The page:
Professional sport is a ruthlessly competitive, win-at-all-costs endeavour. It’s also played by young people who have a relatively short window in which to extract as much financial security as they can for the rest of their lives. It’s these two undeniables that makes the recent ‘revelations’ of match-fixing and doping in football all the more disturbing.
To believe that cricket alone is subject to the pressures exerted by Asian gamblers in illegal betting markets is grossly naïve. To hope that doping practices are confined to endurance cycling is to bury one’s head in the sand.
Football, the biggest sport of all, has, for the most part, been able to brush off the murmurs around these twin sins for generations. We all laughed at the dodgy Italians for their misdemeanours exposed in Calciopoli (not related to betting practices, admittedly) and positive tests for nandrolone in the noughties. These were merely cases of blasé southern Europeans up to their old tricks.
Perhaps more accurately, these were examples of a culture used to corruption in public life weeding out (some of) the bad apples.
Athletics in the 1980s was hideously drug-fuelled. When these practices were exposed they led to damage to the sport from which it is arguably still recovering. New controls were put in place to catch the dopers; some got caught, some didn’t. The sport continues to be dogged by accusations and clouds hang over every podium place.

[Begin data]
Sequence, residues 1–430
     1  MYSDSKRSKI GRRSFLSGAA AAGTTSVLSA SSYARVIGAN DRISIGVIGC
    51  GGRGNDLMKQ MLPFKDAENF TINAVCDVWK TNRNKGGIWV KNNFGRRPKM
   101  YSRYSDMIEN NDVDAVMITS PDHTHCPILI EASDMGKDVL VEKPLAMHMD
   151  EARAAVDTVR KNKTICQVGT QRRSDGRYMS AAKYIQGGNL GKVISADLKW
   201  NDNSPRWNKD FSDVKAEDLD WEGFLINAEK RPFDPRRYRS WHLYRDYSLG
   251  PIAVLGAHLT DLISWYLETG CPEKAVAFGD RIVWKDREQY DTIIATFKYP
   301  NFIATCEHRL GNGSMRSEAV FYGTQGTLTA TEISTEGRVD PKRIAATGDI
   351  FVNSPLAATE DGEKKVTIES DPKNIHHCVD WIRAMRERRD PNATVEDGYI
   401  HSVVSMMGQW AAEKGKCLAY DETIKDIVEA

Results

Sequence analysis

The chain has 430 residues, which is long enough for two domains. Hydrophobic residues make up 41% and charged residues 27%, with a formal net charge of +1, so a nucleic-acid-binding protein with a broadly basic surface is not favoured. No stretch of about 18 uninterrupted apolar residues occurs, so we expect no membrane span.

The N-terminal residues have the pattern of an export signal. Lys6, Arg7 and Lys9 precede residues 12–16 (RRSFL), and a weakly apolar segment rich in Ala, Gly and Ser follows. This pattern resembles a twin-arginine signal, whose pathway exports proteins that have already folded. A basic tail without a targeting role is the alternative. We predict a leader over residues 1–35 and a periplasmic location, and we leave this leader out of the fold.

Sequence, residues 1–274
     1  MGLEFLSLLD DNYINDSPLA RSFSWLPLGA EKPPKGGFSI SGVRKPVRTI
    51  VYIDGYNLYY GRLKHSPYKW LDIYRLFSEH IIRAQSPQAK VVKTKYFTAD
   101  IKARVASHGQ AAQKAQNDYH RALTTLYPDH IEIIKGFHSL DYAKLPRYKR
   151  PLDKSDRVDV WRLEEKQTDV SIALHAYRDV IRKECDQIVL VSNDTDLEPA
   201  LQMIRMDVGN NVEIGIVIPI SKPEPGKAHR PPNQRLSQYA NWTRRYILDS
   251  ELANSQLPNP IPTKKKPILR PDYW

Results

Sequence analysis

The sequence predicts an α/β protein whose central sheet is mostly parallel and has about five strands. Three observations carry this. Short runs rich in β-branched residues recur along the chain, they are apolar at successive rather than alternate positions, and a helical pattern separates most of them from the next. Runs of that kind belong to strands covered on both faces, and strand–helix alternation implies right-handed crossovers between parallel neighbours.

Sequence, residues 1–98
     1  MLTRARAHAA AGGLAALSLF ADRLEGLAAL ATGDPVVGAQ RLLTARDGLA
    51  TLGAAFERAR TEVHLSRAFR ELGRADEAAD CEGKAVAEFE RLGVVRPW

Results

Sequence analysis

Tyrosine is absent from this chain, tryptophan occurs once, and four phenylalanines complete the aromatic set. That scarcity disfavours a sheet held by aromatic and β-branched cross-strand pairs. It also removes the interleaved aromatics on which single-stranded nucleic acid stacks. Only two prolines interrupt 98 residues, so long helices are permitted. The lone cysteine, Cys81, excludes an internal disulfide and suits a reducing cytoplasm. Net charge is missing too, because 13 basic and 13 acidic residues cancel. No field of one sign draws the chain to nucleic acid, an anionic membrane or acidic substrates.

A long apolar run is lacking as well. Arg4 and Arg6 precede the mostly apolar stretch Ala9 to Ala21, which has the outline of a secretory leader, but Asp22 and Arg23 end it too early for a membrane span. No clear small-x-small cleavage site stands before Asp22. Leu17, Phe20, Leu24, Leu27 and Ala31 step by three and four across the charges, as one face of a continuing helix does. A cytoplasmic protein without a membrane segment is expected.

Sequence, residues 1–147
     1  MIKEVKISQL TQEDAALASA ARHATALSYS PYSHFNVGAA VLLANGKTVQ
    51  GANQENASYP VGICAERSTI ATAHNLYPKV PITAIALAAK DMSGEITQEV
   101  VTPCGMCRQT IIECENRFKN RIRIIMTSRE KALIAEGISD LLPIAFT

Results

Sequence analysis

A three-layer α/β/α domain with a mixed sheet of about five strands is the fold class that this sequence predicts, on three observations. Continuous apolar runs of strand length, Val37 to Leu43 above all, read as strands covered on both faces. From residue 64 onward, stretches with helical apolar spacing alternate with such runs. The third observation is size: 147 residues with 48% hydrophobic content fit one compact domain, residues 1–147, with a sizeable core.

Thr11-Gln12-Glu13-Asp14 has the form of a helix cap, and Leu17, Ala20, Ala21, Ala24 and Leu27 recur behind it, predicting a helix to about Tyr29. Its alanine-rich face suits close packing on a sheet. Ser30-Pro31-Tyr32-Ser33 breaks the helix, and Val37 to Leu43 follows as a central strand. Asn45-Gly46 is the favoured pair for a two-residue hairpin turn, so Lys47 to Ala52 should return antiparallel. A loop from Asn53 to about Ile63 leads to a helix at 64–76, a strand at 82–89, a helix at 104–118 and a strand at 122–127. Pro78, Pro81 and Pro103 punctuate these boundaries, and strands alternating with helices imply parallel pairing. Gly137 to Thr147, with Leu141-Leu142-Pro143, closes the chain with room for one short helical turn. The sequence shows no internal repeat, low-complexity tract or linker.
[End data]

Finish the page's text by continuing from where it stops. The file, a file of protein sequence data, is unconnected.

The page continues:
But why would these practices have been exclusive to athletics? And, after witnessing the damage wrought by such scandals, is it not inconceivable that other sports administrations would seek to avoid such controversy in their own backyards? (that elephant in the room is the International Cycling Union).
If even a niche sport like Australian Rules Football is now starting to grapple with the consistent practices of doping, then we can truly expect a cavalcade of sports to belatedly come clean as the media and public finally wake up to what’s been going on for so many years.
As for match-fixing (or even petty old spot-fixing), I can think of no urine test to discover the veracity or otherwise of sportsmen and women. If it were not for the News Of The World we wouldn’t have known about Pakistanis bowling no balls to order (one of whom had previously been banned for taking performance-enhancing drugs). The International Cricket Council launched investigations into other suspicious games featuring Pakistan, which were implausibly given the all-clear.
We can surmise that the authorities don’t want to know about the problems in their sports. I’m not sure I want to know either. Can we all please go back to a time when Lance Armstrong inspired a lot of people to cycle to the shops?